Kristine Harper thinks she and her millennial colleagues will run things better when they're in charge.
"Our generation will be a little bit more fun, encouraging, flexible, positive. There'll be fewer meetings, more networking, more teams," she says.
Flextime will be ubiquitous, and managers will support employees in their efforts to balance work with other interests. Good jobs will be those that always challenge. A day's work will be measured by results, not hours at the desk.
Make no mistake: The workplace that this 27-year-old software developer envisions a decade out won't look like the typical office of the 20th century. "If I were a manager in the future, I would focus on increasing motivation and community in the workplace," she says. "I would try to emphasize the importance of employee get-togethers outside of [work] to promote a stronger sense of community and friendship. I think when you feel strongly about the workplace and the people involved, there is a sense of motivation that comes with that."
Generation X'ers and millennials - those from Generation Y - are now becoming managers, and they'll take on more of the top positions in the coming decades. As they do, they'll bring their own philosophies about how the workplace should operate. Expect a more open and flexible work experience, where careers don't necessarily just advance up the corporate ladder but rather move laterally and possibly down, too, depending on changing personal and professional ambitions and needs.
"We want to be successful in our jobs, but just in a different way. It doesn't mean being in our office every day 9 to 5, it means getting your job done, whatever your job is," says Harper, who works in research and development at Neon Enterprise Software in Sugar Land, Texas, and is project manager of zNextGen, an offshoot of the IBM user group Share for young professionals.
Fulfilling the Dream
Workforce consultants say this expectation of flexibility and accommodation signals a new way of working, built on what the previous generations have pushed for.
Gen Y workers "don't see career paths in the traditional sense. They're looking for companies that are much more flexible," says Celia Berenguer, co-author of the June 2009 report "Catalyst for Change: The Impact of Millennials on Organisation Culture and Policy," from Monitor Co., a Cambridge, Mass.-based consultancy. "The traditional development and training processes are probably the least effective for millennials."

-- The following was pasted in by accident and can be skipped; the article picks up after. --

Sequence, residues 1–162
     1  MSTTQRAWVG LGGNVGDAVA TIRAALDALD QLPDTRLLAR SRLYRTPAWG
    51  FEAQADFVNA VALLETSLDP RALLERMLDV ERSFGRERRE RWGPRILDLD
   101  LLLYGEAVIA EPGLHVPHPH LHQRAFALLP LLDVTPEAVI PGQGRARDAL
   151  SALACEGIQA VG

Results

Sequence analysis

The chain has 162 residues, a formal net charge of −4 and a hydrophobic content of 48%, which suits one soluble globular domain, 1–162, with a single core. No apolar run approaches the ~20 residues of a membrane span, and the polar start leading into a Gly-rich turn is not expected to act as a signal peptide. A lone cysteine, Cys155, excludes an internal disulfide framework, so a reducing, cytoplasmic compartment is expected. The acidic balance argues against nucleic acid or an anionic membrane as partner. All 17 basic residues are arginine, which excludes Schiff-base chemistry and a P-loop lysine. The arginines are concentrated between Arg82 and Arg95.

Carol Phillips, president of market research firm Brand Amplitude and an adjunct professor of marketing at the University of Notre Dame, has studied millennials and what drives them. "They need frequent bite-size promotions, and things can't be ambiguous. You have to tell them where the goal line is. They need it more than past generations," she says.
Because these younger workers are so hands-on, giving them real-world experience is the best way to groom them for leadership roles, Phillips says.
"You can't lecture to this group. They get bored so easily. They learn best by doing. The way they learn is by figuring it out," she says. "So give them tasks that stretch them a bit but that they're still able to do."
Susan Donovan, senior director of application development and support at the National Rural Electric Cooperative Association in Arlington, Va., already sees these influences.
At 39, she's a Gen X'er. She says a key characteristic of her generation and the millennials is the need for flexible work schedules "so you can be a mom, an employee and a manager."
But younger workers also want more than flexibility, she says. They want interesting work that keeps them engaged. They want to keep up their learning. They want the freedom to push boundaries and try new strategies and technologies without fear of reprimands for getting it wrong the first time.
"They do care about the work, they just don't want to be on the same project year after year after year," Donovan says. "So we need to personalise what projects people are on."
"We like to learn and advance our understanding of things, and when we have a job that allows us to do that, that's a big deal," says Deric Abel, a Linux administrator at America First Credit Union in Riverdale, Utah.
Abel, 29, says one of his friends, a network engineer, recently left a job in part because he felt that he was boxed in and spending too much time in meetings.
That mentality translates into how Abel says he'll manage people as he moves into positions with more authority - which he's on track to do. He says he would add more flexibility by, for example, allowing IT workers to choose their own operating systems for their desktops. He wants to add flextime and off-site work options. He envisions being a boss who's more of a facilitator than a manager.
Dawn Augustino, 44, an IT technical director at the University of Pennsylvania, has similar notions about the future of the IT workplace. She sees an organisation where ideas and results - not the number of years on the job - earn people promotions.
She also wants to foster an environment in which workers can promote their ideas throughout the organisation, and where they can try new strategies and feel comfortable bringing problems to her as the boss.
"It will be very flat," she says, adding that she already manages that way.
Jeff Schwartz, global and US talent leader at Deloitte Consulting LLP, says next-generation leaders will also have a more global perspective. They'll be more comfortable with diversity, seize the latest technologies and look for results-oriented work environments that put the value on the job done rather than the hours worked, he says.
"The X and Y generations have come up in world where you have more options," says Schwartz. "Hopefully their leadership and management style will evolve to take advantage of some of these complexities."